On June 25, the San Francisco Board of Supervisors voted to ban the sale of e-cigarettes within city limits, at both retail and online, until they go through the FDA regulatory process. Under current FDA policy, these products can stay on the market through August 2022, when manufacturers must submit a product application.
This effective prohibition will drive former adult smokers who successfully transitioned to vapor products back to combustible cigarettes, deny current adult smokers the opportunity to move off combustible use altogether, and create a thriving black market instead of addressing the actual causes of underage access and use.
Many have come out with the same reaction to this misguided policy, noting the significant negative impact for adult smokers.
Dr. Michael Siegel, Professor in the Department of Community Health Sciences, Boston University School of Public Health
“San Francisco Board of Supervisors poised to deliver huge gift to Philip Morris” (Dr. Michael Siegel: “San Francisco Board of Supervisors Poised to Deliver Huge Gift to Philip Morris,” The Rest of the Story: Tobacco and Alcohol News Analysis and Commentary, 6/22/19)
“Earlier today, the Board approved an ordinance that will ban the sale of all electronic cigarettes in the city, including both brick-and-mortar and online sales. Before it becomes law, the ordinance is subject to a final vote, which is expected to take place next week. … Absurdly, the San Francisco Board of Supervisors is allowing the continued, unfettered sale of real cigarettes — the ones that kill more than 400,000 Americans (including more than 40,000 Californians) each year” (Dr. Michael Siegel: “San Francisco Board of Supervisors Poised to Deliver Huge Gift to Philip Morris,” The Rest of the Story: Tobacco and Alcohol News Analysis and Commentary, 6/22/19)
“This has to be one of the most insane public health proposals I have ever seen. This legislation basically says: ‘We care so much about the health of our kids that we can’t allow e-cigarettes to remain on the market until they have a complete safety review. However, we are perfectly happy allowing cigarettes—which have had extensive safety reviews and been found to be killing hundreds of thousands of Americans each year—to remain on the market” (Michael Siegel, “Why Is SF Considering Banning Fake Cigarettes But Allowing The Real Ones To Stay On The Market?” San Francisco Examiner, 3/26/19)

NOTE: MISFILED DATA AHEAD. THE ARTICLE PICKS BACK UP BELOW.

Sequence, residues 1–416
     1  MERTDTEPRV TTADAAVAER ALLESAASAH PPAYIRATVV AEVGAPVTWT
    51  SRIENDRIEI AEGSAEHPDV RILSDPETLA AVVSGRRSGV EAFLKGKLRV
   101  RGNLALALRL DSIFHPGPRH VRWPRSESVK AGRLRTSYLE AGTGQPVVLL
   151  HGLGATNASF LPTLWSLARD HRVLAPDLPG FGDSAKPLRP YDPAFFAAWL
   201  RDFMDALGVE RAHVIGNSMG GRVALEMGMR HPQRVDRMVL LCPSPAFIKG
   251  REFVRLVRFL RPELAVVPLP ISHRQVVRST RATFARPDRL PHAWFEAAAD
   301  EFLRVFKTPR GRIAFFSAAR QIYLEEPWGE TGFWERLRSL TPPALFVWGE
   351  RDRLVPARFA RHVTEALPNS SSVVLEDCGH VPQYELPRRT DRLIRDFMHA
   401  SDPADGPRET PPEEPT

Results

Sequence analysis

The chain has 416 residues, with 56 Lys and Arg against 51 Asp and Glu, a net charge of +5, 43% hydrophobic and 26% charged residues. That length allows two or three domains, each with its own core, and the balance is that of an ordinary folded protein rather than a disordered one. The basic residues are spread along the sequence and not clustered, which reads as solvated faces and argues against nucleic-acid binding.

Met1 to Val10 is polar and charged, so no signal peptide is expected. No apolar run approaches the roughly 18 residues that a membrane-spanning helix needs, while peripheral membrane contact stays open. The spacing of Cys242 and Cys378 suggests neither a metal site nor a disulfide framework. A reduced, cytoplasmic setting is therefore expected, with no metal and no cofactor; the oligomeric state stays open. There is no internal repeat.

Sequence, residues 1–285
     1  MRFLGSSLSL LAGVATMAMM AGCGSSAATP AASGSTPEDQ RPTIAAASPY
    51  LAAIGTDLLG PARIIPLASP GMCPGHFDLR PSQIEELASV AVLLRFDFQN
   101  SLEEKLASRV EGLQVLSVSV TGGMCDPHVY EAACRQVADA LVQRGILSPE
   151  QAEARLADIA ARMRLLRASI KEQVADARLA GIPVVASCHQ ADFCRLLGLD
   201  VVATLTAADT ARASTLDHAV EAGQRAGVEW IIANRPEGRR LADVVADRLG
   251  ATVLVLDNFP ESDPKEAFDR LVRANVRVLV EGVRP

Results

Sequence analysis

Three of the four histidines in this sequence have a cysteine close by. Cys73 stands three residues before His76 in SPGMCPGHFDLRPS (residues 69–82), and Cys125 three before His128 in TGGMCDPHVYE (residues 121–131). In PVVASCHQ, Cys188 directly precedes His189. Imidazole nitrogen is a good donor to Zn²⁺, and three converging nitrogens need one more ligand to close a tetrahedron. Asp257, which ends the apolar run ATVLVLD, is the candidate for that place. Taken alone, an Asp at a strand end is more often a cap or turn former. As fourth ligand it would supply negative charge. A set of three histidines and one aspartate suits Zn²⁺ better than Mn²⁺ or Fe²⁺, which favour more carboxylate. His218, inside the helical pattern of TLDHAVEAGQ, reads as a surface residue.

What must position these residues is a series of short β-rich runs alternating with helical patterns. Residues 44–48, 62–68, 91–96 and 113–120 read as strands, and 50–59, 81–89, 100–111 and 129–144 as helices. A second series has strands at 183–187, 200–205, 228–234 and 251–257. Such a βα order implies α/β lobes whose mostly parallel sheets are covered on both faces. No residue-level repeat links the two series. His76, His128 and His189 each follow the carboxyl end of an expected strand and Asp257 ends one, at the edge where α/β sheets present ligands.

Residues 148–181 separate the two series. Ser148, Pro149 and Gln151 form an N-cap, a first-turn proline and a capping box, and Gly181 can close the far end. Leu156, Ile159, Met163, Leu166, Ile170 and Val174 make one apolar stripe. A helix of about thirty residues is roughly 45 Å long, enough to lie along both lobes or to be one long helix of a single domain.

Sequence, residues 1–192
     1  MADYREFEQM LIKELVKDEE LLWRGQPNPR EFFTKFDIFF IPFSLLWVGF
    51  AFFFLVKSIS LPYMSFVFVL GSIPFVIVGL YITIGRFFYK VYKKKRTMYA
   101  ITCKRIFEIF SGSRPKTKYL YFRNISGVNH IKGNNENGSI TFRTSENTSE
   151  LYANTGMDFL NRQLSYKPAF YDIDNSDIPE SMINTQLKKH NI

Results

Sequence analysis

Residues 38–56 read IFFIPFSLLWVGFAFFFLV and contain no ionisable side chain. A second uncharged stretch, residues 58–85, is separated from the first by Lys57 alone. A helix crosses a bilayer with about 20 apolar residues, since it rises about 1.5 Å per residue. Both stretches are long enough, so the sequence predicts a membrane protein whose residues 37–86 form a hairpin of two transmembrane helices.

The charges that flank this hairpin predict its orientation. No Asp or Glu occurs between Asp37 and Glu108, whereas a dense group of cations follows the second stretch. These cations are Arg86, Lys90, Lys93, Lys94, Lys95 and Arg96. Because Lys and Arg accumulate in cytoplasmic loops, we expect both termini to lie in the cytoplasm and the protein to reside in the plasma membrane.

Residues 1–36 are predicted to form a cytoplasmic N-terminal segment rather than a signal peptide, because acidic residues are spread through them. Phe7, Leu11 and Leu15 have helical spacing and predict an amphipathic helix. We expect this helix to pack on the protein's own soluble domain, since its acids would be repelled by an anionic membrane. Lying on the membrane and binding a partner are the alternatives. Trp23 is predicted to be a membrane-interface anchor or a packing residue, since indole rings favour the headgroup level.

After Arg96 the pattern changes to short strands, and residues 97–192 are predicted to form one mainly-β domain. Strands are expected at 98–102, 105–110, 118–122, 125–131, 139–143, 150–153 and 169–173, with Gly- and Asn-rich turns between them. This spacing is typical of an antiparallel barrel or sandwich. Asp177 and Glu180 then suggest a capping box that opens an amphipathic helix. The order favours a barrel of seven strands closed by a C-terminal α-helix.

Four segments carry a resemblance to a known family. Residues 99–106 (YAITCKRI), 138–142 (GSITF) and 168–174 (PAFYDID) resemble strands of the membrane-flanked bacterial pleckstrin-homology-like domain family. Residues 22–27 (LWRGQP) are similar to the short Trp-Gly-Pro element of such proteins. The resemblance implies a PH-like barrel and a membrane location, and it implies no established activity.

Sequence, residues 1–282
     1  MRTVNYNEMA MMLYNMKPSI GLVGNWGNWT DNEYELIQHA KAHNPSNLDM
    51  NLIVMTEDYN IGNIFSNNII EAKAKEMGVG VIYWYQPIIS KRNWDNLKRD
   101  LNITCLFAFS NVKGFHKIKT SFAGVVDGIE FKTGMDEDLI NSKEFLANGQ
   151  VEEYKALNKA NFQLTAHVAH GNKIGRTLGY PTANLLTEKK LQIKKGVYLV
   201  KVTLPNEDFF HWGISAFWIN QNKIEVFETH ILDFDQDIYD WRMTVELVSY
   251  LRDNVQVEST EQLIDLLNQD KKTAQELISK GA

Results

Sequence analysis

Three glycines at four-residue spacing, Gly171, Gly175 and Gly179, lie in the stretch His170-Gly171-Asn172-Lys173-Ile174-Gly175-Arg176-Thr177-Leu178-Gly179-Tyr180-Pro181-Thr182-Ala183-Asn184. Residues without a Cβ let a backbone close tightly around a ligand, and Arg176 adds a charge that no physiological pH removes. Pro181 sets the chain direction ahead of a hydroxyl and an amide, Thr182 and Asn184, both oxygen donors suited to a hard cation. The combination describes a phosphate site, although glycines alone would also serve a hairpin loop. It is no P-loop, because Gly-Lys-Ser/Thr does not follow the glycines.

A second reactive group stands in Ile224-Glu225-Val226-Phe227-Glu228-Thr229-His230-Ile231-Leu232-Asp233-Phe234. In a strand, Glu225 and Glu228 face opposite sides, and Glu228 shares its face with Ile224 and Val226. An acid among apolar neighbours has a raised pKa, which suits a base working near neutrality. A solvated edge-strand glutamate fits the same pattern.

David J. Johns, Executive Director of The National Black Justice Coalition
“There are several potential negative impacts this ban would have on the black community. First, a ban that removes all vapor products risks folks who have stopped smoking cigarettes reverting back. Simply put, prohibition does not work. Lawmakers have the responsibility to enforce reasonable expectations. With that, let’s do this responsibly, we should focus on regulation, responsible marketing and accountability for companies that violate policies.”
“Adults should have the opportunity to make adult decisions while we continue to find ways to reduce the number of adults using both cigarettes and e-cigarette alternatives. Beyond restricting the rights of responsible adults making informed decisions, an unintended consequence includes increasing the use and purchase of cigarettes.” (David J. Johns, Op-Ed, “San Francisco Vaping Ban Will Disproportionately Impact The Black Community,” San Francisco Examiner, 6/30/19)